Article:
While the benefits of my experience will still be realized for years to come, I have been immediately impacted in several ways. I felt how rewarding it was to use my legal training in the fight for the public good on a systematic level. Consumers benefit tremendously from the actions of the Federal Trade Commission. I saw how Congress and several agencies have to interact to solve any one problem. Getting this front row seat to the political processes affirmed my faith and confidence in the system. I learned from watching the most accomplished professionals in their field navigate difficult conversations. My research skills were sharpened in having to sift through congressional reports and appropriations. I attended career building and networking events, including speaking at the Dale Hatfield reception. There I met many of you who have contributed to Silicon Flatirons and the Hatfield Award. I am grateful for this financial support which made the training and exposure I received in Washington D.C. a possibility.
Rebecca Coffelt is a student at the University of Colorado School of Law. She has worked in telecommunications law as a Clerk at Stoel Rives, and Qwest. Rebecca also gained experience in public service and policy while working for a State Senator and several non-profits.
Vikram Thakur wrote the following about his internship at National Emergency Numbers Association (NENA), a not-for-profit organization facilitating improvement and implementation of universal 9-1-1 services:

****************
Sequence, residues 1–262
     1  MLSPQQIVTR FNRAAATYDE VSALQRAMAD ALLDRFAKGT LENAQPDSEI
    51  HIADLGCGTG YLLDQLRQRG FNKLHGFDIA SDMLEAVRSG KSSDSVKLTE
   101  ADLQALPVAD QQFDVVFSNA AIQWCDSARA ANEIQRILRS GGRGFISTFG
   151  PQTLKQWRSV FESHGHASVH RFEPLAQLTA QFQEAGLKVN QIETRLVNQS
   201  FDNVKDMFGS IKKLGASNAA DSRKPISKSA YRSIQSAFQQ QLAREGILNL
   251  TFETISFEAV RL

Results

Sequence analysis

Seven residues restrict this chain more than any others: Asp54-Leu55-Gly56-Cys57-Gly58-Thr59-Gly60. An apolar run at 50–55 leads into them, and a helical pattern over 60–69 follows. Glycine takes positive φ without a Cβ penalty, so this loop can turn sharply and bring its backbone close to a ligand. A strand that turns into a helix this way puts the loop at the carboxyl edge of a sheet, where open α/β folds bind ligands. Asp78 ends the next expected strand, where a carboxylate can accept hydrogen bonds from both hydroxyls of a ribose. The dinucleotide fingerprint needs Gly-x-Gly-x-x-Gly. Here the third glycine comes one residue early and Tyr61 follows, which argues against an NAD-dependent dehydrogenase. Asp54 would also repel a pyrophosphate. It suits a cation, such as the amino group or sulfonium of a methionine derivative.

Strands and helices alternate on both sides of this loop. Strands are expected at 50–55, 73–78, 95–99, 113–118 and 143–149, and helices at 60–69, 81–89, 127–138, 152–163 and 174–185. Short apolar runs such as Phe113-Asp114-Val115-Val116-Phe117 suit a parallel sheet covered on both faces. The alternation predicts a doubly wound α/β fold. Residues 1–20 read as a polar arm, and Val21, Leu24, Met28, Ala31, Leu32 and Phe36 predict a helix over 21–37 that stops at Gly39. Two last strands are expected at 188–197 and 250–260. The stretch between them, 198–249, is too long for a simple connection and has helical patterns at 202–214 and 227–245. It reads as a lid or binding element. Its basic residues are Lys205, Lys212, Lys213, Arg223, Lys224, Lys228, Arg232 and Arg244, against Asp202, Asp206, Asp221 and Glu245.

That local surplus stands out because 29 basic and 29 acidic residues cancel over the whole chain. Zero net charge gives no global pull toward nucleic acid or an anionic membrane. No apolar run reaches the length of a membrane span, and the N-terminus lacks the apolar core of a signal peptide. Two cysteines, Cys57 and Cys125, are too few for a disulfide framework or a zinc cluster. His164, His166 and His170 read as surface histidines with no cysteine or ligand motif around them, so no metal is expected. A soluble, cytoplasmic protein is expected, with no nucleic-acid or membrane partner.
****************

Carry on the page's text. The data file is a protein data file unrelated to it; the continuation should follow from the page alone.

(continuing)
This past summer I received the ‘Hatfield Scholarship’ and had an opportunity to work as an intern at NENA at Arlington (VA). While working for the agency I learned about the 9-1-1 policies and technologies, with primary focus on NG 9-1-1 (Next Generation 9-1-1) and its implementation. On the behalf of NENA, I was involved in the ‘USDOT: NG 9-1-1 POC’ project and was an integral part of the team, handling network infrastructure and software implementation aspects of the project. I provided extensive support during the lab testing, system wide testing and demonstration phase of the project, working at the labs at Booz-Allen-Hamilton, Herndon (VA) while at the same time working with NG 9-1-1 Security Working group. During the course of the internship I also represented the NG 9-1-1 POC team at King County, Seattle where I was involved in the demonstrations phase of the project
I also had the opportunity to attend the Next Generation Partner Program meetings which gave me an understanding of the various policy, interoperability and technical issues related to NG 9-1-1. As an engineer, it was an interesting realization for me that the technical issues are probably easier to solve and in fact it is the policy and interoperability issues which take much longer to resolve. In June, I attended the 2008 NENA Annual Conference in Tampa (FL), where I acquired an insight into the vendor related and commercial aspects of NG 9-1-1 and a deeper understanding of the role of NENA and other players in the NG 9-1-1 effort.
Vikram Thakur is a student pursuing his Master’s in the Interdisciplinary Telecommunications Program (ITP) at the University of Colorado at Boulder. He is particularly interested in the interdisciplinary domain of consulting which involves law, policy and regulatory aspects of technology.